Offer Competitive Compensation
It can be quite frustrating for practice owners when an employee leaves for more money. But consider this tip from Shorr: “Many medical practices do not pay their staff competitively. To lose an employee over $.25 to $.50 an hour is one of the most deficient business decisions a medical practice can make, since it costs so much to hire and train a new employee.” Look at your pay structure. Are you still paying the same wages you were five years ago? Do you institute across-the-board pay increases, or do you provide merit increases for those who go above and beyond? The problem with giving every employee the exact same pay increase is that your star performers will
begin to realize that no matter how hard they work, the lazy individual next to them will get the same raise, and they will begin to look at other opportunities. “Many times, a practice is willing to pay the next employee more than it was paying the employee it just allowed to resign,” says Shorr.
Incorporate Valuable (and Fun) Perks
Beyond basic compensation, there are other perks you can offer to retain top employees. Keeping your benefits package up to date and attractive will help you hold on to associates. “Perks are extremely important, as they make the employee feel appreciated,” says Shorr. “Allow your staff to participate in some type of bonus program, personal time off, compensated external training, and individual retirement accounts, such as a simple IRA or 401(k). These long-term benefits encourage employees to remain with you, because they are more vested in their personal portfolio.”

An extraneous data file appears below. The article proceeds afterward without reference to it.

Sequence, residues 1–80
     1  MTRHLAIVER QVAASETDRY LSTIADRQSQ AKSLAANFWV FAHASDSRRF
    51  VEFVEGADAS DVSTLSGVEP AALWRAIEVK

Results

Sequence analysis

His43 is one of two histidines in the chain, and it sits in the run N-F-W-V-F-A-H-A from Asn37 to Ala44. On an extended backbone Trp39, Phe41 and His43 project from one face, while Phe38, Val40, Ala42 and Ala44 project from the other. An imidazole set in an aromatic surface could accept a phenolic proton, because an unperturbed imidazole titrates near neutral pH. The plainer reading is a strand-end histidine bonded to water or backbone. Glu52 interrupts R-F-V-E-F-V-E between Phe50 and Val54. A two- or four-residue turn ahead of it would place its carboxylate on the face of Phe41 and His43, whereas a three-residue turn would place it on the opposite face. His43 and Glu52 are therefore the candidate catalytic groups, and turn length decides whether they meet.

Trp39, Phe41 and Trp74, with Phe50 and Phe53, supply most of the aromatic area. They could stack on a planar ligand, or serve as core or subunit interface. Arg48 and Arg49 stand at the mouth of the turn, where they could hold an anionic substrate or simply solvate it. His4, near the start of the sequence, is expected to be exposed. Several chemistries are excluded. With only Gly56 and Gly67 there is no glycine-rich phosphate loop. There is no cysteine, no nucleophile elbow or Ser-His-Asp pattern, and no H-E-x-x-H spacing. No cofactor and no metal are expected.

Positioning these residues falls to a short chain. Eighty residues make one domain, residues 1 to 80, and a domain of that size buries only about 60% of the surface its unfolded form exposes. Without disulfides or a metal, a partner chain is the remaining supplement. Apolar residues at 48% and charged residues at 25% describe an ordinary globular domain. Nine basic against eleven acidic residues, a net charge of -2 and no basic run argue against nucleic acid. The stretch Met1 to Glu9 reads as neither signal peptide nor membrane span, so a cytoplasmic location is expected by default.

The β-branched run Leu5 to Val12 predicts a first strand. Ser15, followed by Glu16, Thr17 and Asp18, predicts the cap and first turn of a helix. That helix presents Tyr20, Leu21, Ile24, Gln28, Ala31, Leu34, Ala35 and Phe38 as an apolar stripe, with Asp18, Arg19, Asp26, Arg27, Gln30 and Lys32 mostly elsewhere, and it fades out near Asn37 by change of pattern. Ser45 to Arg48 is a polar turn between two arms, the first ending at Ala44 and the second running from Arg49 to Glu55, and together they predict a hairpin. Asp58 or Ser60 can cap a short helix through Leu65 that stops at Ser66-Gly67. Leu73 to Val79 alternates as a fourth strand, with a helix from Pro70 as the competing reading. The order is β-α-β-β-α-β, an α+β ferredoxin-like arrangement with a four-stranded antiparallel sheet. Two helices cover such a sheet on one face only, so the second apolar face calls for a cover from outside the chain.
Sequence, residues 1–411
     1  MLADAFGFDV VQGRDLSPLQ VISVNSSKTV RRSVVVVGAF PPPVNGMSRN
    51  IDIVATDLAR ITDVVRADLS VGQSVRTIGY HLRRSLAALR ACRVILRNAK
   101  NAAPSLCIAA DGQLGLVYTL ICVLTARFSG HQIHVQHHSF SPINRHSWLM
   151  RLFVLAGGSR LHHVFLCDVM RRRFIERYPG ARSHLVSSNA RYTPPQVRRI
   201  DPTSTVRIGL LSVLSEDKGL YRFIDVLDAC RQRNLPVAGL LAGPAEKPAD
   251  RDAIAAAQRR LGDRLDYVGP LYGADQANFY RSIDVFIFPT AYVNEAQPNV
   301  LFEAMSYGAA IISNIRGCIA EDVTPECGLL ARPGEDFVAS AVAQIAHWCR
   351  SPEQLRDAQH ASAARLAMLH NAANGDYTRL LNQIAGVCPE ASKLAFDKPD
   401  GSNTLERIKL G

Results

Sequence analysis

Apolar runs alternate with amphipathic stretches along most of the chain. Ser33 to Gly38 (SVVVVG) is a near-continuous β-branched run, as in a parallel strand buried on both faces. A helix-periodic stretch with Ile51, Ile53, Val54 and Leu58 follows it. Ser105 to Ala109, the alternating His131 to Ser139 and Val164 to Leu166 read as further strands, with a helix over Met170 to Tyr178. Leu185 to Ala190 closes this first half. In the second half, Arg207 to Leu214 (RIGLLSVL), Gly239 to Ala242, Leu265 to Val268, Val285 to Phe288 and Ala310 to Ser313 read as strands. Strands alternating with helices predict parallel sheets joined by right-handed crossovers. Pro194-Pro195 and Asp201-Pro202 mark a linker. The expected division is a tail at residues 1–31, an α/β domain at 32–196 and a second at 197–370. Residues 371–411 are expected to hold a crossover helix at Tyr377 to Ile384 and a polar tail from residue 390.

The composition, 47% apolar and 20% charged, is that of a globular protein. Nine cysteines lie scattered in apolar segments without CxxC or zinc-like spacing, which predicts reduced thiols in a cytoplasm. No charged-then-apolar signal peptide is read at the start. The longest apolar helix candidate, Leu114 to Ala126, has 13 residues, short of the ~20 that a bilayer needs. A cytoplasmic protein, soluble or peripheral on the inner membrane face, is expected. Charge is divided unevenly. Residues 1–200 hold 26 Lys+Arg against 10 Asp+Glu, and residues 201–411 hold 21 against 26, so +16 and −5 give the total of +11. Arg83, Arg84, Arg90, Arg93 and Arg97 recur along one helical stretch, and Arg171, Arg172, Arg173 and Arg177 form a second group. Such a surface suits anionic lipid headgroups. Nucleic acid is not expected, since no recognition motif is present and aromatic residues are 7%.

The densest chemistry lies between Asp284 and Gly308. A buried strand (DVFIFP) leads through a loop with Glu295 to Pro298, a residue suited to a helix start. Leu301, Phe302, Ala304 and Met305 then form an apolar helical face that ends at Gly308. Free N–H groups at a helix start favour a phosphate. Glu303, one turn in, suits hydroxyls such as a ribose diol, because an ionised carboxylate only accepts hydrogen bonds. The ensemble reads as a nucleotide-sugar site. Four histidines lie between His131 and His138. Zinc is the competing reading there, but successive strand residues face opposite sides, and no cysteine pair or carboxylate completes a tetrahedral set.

The very nature of your work is in itself a benefit. “There are several benefits to working in a plastic surgeon’s office,” says Dr. Vasko. “The field is very exciting in terms of new procedures and products. Our practice offers excellent benefits, such as health care, training opportunities and discounts on products and aesthetic procedures, so employees have the opportunity to have procedures that they are interested in performed.”
Recruiting with Retention in Mind
You can improve employee retention even at the moment of hire by seeking individuals who have long-term potential. Perhaps you are seeking a receptionist—a critical position in your practice. “Potential patients often have general questions about procedures,” says Dr. Vasko, “such as cost, down time and so forth, and the staff must be able to provide accurate information on the phone.” Rather than look for just another warm body to answer phones and greet customers, look for a candidate who can do more for you down the road. Maybe a nursing school student would greatly enjoy the opportunity to learn the business from the inside while getting the necessary training to do something more with the practice once she has attained the proper credentials. Conversely, seek candidates who will take an entrepreneurial approach to their front desk role and turn that pivotal position into a dynamo of customer service, efficiency and even sales.
The second step you can take is to approach your recruiting just as you do marketing. Consider posting job opportunities on your website and placing ads in your local community magazine. Let the chamber of commerce know you’re hiring. And, if you encounter an incredibly great person at another type of business—restaurant, retail store, bank, salon—ask if she would consider joining your team.
You’re recruiting and hiring not only for today, but for the next several years as well. Keeping an eye on employee retention gives your practice stability and continuity, something your patients will appreciate. “Patients do not like it when they continually see new employees,” says Shorr. “They become accustomed to your staff members and feel they play a personal part in their medical care. In fact, many patients will ask to be treated only by certain staff members.” Working diligently to retain these top employees will help your practice operate more smoothly, more efficiently and more profitably.
Steven Austin Stovall, PhD, is professor of management and chair of the entrepreneurship program at Wilmington College in Wilmington, Ohio. Contact him at firstname.lastname@example.org.